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Publication Detail
Conservative Sinusectomy vs. excision and primary off-midline closure for pilonidal disease: a randomized controlled trial.
  • Publication Type:
    Journal article
  • Publication Sub Type:
    Journal Article
  • Authors:
    Popeskou SG, Pravini B, Panteleimonitis S, Vajana AFDT, Vanoni A, Schmalzbauer M, Posabella A, Christoforidis D
  • Publication date:
    07/2020
  • Pagination:
    1193, 1199
  • Journal:
    Int J Colorectal Dis
  • Volume:
    35
  • Issue:
    7
  • Status:
    Published
  • Country:
    Germany
  • PII:
    10.1007/s00384-020-03551-9
  • Language:
    eng
  • Keywords:
    Paramedian primary closure (PC), Pilonidal sinus disease (PD), Sinusectomy (S), Humans, Neoplasm Recurrence, Local, Pilonidal Sinus, Recurrence, Surgical Flaps, Switzerland, Treatment Outcome, Wound Healing
Abstract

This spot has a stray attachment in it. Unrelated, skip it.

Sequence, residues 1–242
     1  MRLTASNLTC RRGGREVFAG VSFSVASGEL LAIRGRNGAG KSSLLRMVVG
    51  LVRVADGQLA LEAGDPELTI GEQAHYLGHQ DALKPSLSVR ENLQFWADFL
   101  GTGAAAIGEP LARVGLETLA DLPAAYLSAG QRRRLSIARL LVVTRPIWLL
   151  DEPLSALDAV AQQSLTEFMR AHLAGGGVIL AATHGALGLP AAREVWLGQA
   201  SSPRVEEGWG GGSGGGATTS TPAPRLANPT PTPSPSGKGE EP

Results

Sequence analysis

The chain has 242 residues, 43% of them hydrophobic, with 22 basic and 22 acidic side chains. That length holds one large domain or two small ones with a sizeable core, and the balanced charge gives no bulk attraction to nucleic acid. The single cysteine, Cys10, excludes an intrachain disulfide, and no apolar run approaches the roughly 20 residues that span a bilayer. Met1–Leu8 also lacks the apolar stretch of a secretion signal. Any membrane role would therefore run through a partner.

PURPOSE: Pilonidal sinus disease (PD) is a common acquired disease, responsible for discomfort and time off work. There is currently no consensus on the best surgical therapy. We aimed at comparing conservative sinusectomy (S) to excision and paramedian primary closure (PC). METHODS: This is a randomized controlled trial compatible with the CONSORT statement standards. We included all patients with chronic PD between 2012 and 2017. We excluded patients with acute abscesses, recurrent PD after surgery with a curative intent and patients needing complex reconstructions with rotation flaps. Patients with chronic symptomatic PD were randomized to S or PC. Primary end-point was the rate of patients healed at 3 weeks, secondary outcomes were total healing time, pain, time off work, patient satisfaction and recurrence at 1 year. Patients were seen at a wound clinic until healed and contacted at 3, 6, and 12 months for follow-up. RESULTS: After inclusion of 58 patients the study was stopped prematurely due to discrepancy between expected and observed outcomes. Only 4/30 (13.3%) patients in the S group had healed completely at 3 weeks compared with 14/28 (50%) in the PC group (p = 0.01). Median time to complete healing was 54 (23-328) days in the S group compared to 34 (13-141) in the PC group (p = 0.025). Number of outpatient visits, time off work, analgesia requirement, and recurrence rates at 12 months 4 (16%) in the S group and 3 (11.1%) in the PC group (p = 0.548) were similar. CONCLUSIONS: PC leads to faster healing compared to S, with similar healthcare burden. TRIAL REGISTRATION: The study was approved by the local ethics committee and registered in www.clinicaltrials.gov (REF: NCT03271996). The study was carried out at the Regional Hospital of Lugano, Switzerland.
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